Survivors of the Sunday morning massacre at the Pulse nightclub in Orlando are sharing their harrowing experiences escaping from the deadliest mass shooting in U.S. history.
The gunman, identified as 29-year-old Omar Mateen, fatally shot about 50 people and injured another 53 at the popular gay club before law enforcement officers stormed the building and killed him, authorities said.
As authorities investigated the incident on Sunday, several people who survived the shooting came forward to talk about how they ran for their lives and helped others to safety.
Joshua McGill, who was dancing at the club with his roommates, told ABC News that he did not know what was happening at first and was in “kind of a daze” because he did not see the shooter or gunshots.
“It was just a loud sound, so we didn’t know what it could have been,” McGill said to the station.
He and his friends sneaked out the back door and climbed over a fence. But they knew they had to help when they saw someone covered in blood “stumbling through the parking lot,” he said.
McGill removed his shirt to make a tourniquet, a type of bandage used stop the flow of traumatic bleeding, for the bullet wounds on the man’s arms.
“I said a prayer for him, and I let him know that I’ll be there waiting for him as long as I can,” McGill told ABC News. He added that he has been in touch with the man’s friends.
Luis Burbano, another witness at the club, had a similar experience outside Pulse. He said he was getting ready to leave when gunfire erupted.
“The DJ was playing a typical set that incorporated gunshots, which we thought was part of the music,” Burbano told CNN. “Four shots, ‘pop-pop-pop-pop.’ But for some reason it was different. No one put two and two together until the fifth and sixth. Between 10 and 20, that’s when it started really getting real.”
During a 10-second break in the gunfire, Burbano said he and 20 to 30 people managed to “make a break for the door.”
As he fled, Burbano said he saw someone who had collapsed right in front of him.
“I grabbed him, not realizing that his forearm had split in two,” he said. “And then I realized he had a gash on his side as well.”
Burbano took off his shirt to create a makeshift bandage for the young man’s arm.
After they reached safety, he started talking to another wounded 20-something to keep him calm. Burbano learned the victim was visiting Orlando from Jacksonville for the weekend.
“Before you knew it, this guy was pacing, looking for a family member, back and forth, and he had a bullet sticking out,” he said.
Burbano took off his other shirt to help stem the flow of blood from the second man’s leg. He kept them both by his side until paramedics arrived.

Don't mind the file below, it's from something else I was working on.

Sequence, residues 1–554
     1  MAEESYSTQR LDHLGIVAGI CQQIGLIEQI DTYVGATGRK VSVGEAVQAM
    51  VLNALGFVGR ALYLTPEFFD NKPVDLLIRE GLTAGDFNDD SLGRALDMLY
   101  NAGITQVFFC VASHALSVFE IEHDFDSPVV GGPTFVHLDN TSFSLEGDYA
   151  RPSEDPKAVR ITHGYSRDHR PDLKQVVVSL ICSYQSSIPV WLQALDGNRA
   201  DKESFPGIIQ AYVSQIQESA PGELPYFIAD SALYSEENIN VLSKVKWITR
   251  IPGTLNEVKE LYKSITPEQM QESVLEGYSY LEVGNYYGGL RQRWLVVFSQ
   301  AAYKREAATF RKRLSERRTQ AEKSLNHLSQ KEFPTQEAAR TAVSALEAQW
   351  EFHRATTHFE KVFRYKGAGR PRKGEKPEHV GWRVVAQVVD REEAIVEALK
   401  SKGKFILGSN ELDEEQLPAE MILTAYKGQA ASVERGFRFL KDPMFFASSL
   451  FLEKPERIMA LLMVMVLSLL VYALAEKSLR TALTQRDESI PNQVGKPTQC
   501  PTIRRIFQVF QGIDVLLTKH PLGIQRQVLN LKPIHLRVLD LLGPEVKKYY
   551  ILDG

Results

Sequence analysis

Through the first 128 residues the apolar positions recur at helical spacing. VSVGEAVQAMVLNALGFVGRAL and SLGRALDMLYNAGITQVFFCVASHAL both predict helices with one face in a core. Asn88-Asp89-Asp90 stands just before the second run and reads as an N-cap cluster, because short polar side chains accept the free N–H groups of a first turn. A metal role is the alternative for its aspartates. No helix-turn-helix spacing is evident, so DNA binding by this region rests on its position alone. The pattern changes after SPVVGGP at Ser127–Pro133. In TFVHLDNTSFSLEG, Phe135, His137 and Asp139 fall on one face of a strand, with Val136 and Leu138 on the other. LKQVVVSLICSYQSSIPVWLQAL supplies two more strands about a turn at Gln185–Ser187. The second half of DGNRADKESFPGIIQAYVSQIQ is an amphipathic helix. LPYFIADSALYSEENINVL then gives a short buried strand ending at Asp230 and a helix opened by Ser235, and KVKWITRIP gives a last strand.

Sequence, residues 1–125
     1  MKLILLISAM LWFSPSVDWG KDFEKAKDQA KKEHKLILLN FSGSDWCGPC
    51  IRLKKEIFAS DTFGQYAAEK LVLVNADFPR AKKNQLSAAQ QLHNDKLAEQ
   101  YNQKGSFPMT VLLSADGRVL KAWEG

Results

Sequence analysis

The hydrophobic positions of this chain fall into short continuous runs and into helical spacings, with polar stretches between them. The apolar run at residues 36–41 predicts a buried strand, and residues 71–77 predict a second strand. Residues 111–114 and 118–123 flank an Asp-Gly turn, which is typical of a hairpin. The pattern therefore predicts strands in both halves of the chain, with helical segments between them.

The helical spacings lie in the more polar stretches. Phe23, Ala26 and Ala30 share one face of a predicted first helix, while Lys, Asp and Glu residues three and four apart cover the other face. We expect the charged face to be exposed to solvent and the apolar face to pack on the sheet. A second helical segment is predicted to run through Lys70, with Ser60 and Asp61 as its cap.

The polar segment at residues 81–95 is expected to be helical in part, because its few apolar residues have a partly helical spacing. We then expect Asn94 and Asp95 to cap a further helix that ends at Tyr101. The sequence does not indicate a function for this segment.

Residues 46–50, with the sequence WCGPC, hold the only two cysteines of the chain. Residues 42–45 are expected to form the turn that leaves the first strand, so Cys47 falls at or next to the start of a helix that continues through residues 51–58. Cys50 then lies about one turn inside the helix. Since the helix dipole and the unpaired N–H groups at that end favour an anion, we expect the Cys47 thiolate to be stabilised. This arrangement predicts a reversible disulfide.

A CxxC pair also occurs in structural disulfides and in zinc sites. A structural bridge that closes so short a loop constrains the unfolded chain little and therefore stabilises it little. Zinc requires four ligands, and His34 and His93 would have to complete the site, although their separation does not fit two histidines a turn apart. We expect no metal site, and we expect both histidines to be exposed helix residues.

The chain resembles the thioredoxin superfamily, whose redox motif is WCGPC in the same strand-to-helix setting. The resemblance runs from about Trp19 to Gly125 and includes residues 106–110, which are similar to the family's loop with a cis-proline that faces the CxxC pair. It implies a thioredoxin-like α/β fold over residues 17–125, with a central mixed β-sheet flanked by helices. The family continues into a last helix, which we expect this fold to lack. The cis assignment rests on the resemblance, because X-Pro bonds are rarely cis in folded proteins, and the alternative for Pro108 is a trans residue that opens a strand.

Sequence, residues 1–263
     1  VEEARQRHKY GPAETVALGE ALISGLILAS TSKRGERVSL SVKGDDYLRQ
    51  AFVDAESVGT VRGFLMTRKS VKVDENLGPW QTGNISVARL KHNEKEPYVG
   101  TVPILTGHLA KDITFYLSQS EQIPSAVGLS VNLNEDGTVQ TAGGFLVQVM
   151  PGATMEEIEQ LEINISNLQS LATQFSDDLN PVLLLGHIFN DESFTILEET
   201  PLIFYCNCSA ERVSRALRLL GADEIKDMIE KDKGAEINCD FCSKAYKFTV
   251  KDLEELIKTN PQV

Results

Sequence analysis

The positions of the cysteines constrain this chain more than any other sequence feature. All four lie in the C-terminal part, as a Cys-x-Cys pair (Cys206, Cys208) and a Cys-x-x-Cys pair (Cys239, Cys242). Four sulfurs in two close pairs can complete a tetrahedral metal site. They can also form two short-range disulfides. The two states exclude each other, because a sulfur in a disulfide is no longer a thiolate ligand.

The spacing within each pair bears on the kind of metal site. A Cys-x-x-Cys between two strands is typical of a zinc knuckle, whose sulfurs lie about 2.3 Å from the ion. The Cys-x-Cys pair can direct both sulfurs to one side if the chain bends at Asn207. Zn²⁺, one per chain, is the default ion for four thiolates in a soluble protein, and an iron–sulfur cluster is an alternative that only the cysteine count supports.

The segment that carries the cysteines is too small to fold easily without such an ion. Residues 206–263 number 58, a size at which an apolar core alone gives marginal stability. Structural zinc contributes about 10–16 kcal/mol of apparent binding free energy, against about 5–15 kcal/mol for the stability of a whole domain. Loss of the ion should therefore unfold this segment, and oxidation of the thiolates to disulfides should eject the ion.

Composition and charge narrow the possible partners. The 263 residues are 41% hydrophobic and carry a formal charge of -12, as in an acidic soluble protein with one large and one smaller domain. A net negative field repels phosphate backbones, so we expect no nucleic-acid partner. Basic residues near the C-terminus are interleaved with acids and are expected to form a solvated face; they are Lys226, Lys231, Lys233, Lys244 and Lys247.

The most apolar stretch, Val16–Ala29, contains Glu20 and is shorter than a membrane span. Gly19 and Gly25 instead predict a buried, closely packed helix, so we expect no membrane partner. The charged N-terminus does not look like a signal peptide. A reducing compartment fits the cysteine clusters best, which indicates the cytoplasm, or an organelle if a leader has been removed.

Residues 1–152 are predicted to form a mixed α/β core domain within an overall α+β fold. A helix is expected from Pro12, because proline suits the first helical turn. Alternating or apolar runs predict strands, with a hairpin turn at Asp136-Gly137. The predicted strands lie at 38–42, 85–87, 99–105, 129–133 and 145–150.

“Once they took them off about 10 or 15 minutes later, then we were told to quickly evacuate and move farther up the street as far as we could.”
Several witnesses identified themselves and shared their stories on Pulse’s official Facebook account. Ricardo J. Negron Almodovar, for instance, said people on the dance floor dropped to the ground when the shooter opened fire and that some people managed to escape through the back exit and just kept running.
“Another customer kindly offered to take three of us to our homes. Forever indebted to him!” he wrote.
Almodovar said security does not check for weapons before patrons enter Pulse but that from his experience, the club is usually “nice and very safe.”
Another club-goer, Christopher Hansen, said the gunshots, which started just as he took the first sip from his drink, sounded like they could have been part of the song that was playing. It was not until he saw victims falling to the ground that he realized the gravity of the situation.
“I looked over and I saw bodies falling, people screaming. The person next to me was shot — the blood splattered. I fell down and crawled out. I was crawling, and people stomped on me,” he told NBC News. “When I crouched down, I was zigzagging just in case because you could still hear the bullets going off, so you have no idea whether they were outside, inside.”
Hansen, who recently moved to Orlando, said he was pleased with how quickly law enforcement responded to the shooting. Officers were already there by the time Hansen was leaving the building, he said.
“There were so many people responding. The whole community did,” he said.
Similar to McGill and Burbano, Hansen also rendered aid to someone else using an article of clothing. He said he used his bandana to help stop the blood flowing from someone’s leg.
Early Sunday afternoon, President Obama said the FBI is leading an open investigation into this “act of terror” in partnership with local law enforcement. He said the shooting was especially heartbreaking for members of the LGBT community.
“The shooter targeted a nightclub where people came together to be with friends to dance and to sing and to live,” Obama said. “The place where they were attacked is more than a nightclub. It was a place of solidarity and empowerment, where people have come together to raise awareness, to speak their minds and to advocate for their civil rights.”
The commander in chief also said the day was a sobering reminder that an attack on Americans — regardless of race, ethnicity, religion or sexual orientation — is an attack on all Americans and the nation’s fundamental values of equality and dignity.